From Laura Bankey, Director of Conservation
I recently attended the National Wildlife Federation annual meeting. This is the one time during the year that all state affiliates gather to decide areas of focus for NWF in the future. At this meeting, conservation resolutions are proposed, debated, and voted on.
For this year’s consideration, the Conservation Council of Hawaii asked the National Aquarium to be a co-sponsor of the Hawaiian Monk Seal Conservation Resolution. We gladly signed on, and I’m happy to say the resolution was adopted by the affiliates.
Photo credit: NOAA
With fewer than 1,100 individuals remaining, the Hawaiian monk seal is the most endangered marine mammal in U.S. waters. Monk seals are at risk due to entanglement in fishing gear and other marine debris, overfishing, inadequate marine protected areas, invasive species, canine diseases, ocean acidification, sea level rise, and intentional killing by individuals who view the seals as competition for declining fish stocks.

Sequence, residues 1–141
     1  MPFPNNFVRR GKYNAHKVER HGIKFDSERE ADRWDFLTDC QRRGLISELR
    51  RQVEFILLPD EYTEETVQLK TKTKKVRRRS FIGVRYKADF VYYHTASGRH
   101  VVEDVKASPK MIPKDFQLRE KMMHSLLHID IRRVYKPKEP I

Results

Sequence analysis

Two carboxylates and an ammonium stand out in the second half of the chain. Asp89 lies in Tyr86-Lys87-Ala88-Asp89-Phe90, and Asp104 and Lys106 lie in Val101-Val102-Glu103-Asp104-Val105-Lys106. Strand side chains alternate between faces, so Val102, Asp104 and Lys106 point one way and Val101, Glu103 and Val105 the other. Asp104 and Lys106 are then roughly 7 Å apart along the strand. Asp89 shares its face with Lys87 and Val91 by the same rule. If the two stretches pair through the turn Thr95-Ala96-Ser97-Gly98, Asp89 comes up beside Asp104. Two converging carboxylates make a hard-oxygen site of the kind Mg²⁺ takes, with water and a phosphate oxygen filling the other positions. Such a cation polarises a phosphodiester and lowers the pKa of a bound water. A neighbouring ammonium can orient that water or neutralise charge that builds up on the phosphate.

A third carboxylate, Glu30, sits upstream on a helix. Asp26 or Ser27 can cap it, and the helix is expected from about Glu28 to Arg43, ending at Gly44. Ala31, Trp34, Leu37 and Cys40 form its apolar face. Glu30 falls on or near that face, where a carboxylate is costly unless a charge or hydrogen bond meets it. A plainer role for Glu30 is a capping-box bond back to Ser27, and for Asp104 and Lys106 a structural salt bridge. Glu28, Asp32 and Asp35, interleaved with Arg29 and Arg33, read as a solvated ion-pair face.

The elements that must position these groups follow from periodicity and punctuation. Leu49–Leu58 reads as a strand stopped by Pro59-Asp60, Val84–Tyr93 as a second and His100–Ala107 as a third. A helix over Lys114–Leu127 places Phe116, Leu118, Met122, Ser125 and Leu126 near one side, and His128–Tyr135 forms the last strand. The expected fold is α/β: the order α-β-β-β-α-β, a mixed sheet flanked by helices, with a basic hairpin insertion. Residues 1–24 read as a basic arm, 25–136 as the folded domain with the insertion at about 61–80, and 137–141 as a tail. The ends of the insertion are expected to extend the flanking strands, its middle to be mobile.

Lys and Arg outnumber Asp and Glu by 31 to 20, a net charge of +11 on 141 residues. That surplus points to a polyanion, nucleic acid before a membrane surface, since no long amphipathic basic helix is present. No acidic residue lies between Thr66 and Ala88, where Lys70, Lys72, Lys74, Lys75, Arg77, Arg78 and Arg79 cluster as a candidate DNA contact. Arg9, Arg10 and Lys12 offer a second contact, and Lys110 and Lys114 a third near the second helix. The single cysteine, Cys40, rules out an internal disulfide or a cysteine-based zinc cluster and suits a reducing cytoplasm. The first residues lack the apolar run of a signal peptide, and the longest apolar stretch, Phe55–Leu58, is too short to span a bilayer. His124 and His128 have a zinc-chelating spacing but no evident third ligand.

A Hawaiian monk seal entangled in fishing debris. Photo credit: NOAA
The critical status of the Hawaiian monk seal warrants our immediate and prolonged attention. The fate of this species is intricately related to ocean health issues and to additional pressures we humans are subjecting to this animal and the delicate ecosystem it calls home.
We are calling for federal agencies to implement policies and funding mechanisms that will serve to protect Hawaiian monk seal habitat and promote the recovery and reestablishment of the species throughout its native range.